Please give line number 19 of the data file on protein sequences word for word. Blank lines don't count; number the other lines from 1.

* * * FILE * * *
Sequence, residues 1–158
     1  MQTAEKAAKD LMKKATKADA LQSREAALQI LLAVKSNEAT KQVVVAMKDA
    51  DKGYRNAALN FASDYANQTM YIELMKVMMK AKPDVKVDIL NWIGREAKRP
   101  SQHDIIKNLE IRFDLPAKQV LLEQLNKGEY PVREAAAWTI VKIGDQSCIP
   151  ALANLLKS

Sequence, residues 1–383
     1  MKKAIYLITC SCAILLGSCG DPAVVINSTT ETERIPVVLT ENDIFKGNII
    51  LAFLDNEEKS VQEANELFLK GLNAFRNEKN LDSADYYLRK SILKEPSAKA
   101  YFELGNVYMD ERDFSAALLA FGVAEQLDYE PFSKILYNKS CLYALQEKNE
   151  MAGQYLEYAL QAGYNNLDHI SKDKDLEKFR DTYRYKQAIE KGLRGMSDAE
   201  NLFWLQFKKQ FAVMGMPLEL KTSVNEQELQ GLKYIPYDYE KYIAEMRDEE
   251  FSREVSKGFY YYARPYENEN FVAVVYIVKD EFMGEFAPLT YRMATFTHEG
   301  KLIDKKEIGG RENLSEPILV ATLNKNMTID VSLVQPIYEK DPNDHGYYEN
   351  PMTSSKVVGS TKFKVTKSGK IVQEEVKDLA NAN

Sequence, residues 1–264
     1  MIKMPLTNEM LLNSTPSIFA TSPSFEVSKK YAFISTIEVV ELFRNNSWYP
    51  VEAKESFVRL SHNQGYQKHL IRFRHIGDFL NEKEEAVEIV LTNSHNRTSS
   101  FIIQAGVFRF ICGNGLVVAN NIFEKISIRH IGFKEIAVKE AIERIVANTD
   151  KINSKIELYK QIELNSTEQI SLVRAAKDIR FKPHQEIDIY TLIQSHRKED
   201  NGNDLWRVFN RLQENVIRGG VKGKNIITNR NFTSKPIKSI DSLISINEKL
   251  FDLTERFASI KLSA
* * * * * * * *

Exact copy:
   151  KINSKIELYK QIELNSTEQI SLVRAAKDIR FKPHQEIDIY TLIQSHRKED